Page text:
CLO Buyers Chase Aging Equity
Secondary-market investors are bidding up a narrow class of collateralized loan obligation paper in hopes of locking in outsized returns.
The activity centers around the equity portions of CLOs issued from 2005 to 2007 that still are in their reinvestment periods. The securities have been in demand for some time, but reached a milestone in recent weeks when some began trading above par.
The reason: The coupons on the dealsí senior and mezzanine tranches initially were set to reflect smaller loan yields that prevailed at the time. That means managers who buy assets at todayís higher returns stand to create added profits that flow to equity holders.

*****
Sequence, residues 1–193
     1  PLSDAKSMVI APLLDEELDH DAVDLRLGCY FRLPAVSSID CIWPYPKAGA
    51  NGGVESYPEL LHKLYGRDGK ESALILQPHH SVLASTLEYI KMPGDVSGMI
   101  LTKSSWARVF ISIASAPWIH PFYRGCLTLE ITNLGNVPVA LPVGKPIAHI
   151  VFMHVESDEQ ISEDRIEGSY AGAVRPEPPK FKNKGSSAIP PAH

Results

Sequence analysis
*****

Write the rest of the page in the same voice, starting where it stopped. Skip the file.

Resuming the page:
CLO equity fitting the description has become increasingly scarce. Thatís partly because investors are sitting on their positions, and because deals are exiting their reinvestment phases as they age. According to S&P, 88 CLOs ended their reinvestment periods last year.